the spring.

It is urged that anyone interested in participating in these ami's s'gn the paper which will be posted on the A. A. bulletin board.

Green find Reds Tie One of the numbers from the Spring H20 Pageant

Successful Spring Water Pageant Scheduled For Richmond Tomorrow Many complimentary remarks have been heard, concerning Dreamer's Holiday," the spring water pageant, which was directed by Mary Barnett. Everything combined - swimming, decorations. mus:c. and the moderator-gave a most vivid picture of a dream: is holiday, The athletic department of Hampden - Sydney has announced that there is no charge for admission to any ■>! their home athletic events this spring. With attractive schedules in baseball, track and tennis, the College is hoping that the Longwood student body will feel free to come out to any of the event-.

Honor Society Adds Members, Officers

making one feel as if spring were really here. Particular attention should be called to the solo numbers as 8a nglng On A Star" and "A Blossom Fell." which showed fascinating perfection on the part of the swimmers. The novelty number. "Hap-Hap-Happy Day," was also very enjoyable due to the gay mood which it possessed. All of the numbers showed diffi i • nt and unusual combinations and the swimmers sremed to enjoy participating in them. The cast will travel to Richmond, Thursday. March 22, to r.t tin MM pageant at tnc Y. M C. A. for all students in that area who are Interested in ng Longwood next fall. Congratulations, Mary Ann and the entire cast, for a pageant well done!

As a result of the recently completed class volleyball games, the Green and White and the Red and White teams each won five points toward the Color Cup As a usual rule, ten points are given to the class color winning the most games, but this year, since both class colors won four games, the points were divided. In the final tally, it was disclosed that the Sophomores won three games, the Freshmen and Juniors won two games each and the Seniors won one game.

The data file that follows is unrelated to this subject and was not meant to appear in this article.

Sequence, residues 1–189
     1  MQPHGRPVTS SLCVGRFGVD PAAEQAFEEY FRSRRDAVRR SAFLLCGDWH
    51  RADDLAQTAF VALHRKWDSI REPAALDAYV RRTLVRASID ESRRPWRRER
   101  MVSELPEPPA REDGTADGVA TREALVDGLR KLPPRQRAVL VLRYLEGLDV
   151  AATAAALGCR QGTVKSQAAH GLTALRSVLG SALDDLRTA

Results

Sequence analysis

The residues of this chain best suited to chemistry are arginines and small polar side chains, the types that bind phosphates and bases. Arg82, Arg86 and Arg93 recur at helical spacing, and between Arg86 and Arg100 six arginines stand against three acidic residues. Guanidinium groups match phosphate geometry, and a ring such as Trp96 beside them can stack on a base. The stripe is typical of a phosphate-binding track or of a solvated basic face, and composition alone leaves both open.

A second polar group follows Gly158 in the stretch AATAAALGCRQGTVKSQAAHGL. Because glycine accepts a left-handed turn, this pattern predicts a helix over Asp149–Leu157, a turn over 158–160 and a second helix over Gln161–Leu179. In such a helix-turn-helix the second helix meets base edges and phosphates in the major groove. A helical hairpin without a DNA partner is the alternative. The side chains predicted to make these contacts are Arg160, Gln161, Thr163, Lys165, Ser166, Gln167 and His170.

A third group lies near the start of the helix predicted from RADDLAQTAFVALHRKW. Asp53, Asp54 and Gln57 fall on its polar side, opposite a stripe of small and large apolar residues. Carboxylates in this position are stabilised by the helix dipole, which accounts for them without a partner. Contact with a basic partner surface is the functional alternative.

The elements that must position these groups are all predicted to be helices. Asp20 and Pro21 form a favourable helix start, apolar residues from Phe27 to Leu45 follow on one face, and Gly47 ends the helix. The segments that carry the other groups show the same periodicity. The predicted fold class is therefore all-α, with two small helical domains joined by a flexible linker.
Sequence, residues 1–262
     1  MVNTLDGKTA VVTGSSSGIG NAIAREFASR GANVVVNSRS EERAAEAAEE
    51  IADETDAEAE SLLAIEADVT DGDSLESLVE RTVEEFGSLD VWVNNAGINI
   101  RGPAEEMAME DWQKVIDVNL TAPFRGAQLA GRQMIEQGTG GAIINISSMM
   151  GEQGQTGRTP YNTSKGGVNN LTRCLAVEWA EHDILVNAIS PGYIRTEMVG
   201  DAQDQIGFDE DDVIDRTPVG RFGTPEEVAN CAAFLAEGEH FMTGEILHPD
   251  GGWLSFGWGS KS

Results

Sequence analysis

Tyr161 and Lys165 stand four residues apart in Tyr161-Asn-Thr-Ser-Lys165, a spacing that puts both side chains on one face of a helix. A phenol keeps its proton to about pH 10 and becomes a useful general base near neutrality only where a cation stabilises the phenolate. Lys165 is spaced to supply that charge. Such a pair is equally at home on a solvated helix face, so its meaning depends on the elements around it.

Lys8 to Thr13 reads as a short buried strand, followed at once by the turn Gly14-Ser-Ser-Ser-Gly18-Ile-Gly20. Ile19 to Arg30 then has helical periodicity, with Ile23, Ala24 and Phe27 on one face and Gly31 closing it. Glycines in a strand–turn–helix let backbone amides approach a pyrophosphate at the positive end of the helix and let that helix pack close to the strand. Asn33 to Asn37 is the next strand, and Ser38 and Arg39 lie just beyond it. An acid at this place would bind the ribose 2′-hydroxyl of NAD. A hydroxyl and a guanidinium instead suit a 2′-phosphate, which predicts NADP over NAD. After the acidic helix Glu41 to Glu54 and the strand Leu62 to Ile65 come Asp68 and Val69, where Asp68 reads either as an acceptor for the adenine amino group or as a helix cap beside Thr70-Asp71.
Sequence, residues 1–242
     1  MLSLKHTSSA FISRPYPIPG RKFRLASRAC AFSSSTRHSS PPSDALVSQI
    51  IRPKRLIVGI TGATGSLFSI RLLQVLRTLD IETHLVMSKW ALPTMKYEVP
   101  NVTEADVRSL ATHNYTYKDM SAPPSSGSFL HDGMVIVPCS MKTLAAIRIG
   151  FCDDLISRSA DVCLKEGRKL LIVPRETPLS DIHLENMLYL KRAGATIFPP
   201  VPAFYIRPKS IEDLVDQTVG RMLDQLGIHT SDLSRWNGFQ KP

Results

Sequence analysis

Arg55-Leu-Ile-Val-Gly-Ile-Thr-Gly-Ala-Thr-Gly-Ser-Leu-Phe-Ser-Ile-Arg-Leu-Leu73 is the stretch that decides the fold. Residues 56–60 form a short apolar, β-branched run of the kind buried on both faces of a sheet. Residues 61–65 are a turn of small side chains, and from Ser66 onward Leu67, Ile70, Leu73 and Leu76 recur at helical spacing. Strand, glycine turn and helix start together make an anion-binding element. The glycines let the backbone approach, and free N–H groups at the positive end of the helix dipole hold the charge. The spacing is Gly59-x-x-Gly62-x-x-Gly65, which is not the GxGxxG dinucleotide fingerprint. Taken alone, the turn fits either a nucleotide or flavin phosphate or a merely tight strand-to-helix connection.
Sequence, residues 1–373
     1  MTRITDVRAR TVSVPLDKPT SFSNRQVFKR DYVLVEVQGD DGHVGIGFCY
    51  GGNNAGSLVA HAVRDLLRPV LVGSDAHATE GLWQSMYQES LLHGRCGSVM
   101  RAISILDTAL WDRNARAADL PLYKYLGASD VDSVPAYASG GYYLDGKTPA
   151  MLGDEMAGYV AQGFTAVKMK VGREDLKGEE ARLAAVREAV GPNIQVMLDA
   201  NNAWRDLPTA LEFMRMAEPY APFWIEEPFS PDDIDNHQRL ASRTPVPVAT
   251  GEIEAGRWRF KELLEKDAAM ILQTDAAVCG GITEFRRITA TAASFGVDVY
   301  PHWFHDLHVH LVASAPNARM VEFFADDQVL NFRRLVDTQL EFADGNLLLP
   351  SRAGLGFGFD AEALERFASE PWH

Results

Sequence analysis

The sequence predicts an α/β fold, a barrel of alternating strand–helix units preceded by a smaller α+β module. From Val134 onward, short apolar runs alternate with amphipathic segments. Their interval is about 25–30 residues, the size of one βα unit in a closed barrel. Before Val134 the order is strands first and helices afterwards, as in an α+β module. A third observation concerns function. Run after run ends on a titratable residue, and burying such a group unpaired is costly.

The Longwood College Athletic Association sent iwo representatives to the Virginia Athletic Federation of College Women convention, which was held March 16 and 17 at Madison College. The nine Virginia colleges which were represented at this convention were: Longwood, Mary Wasington, Hollins. Westhampton, Madison. William and Story, M.iry Baldwin. Radford, and Emory and Henry. Some of the activities included a discussion on "Ways to Encourage More Participation in Intramural Programs." led by Longwood's representative, Ann Wayne Fuller and Annie V. Weaver. Also. Dr. Ellen Kelly spoke on "How Does A State Association Benefit the Campus Organization?" Plans were completed for the next V. A. F. C. W. convention which will be held next spring here at Longwood. Next year's president and secretary of this organization will come from Longwood and will be elected ' later in the spring.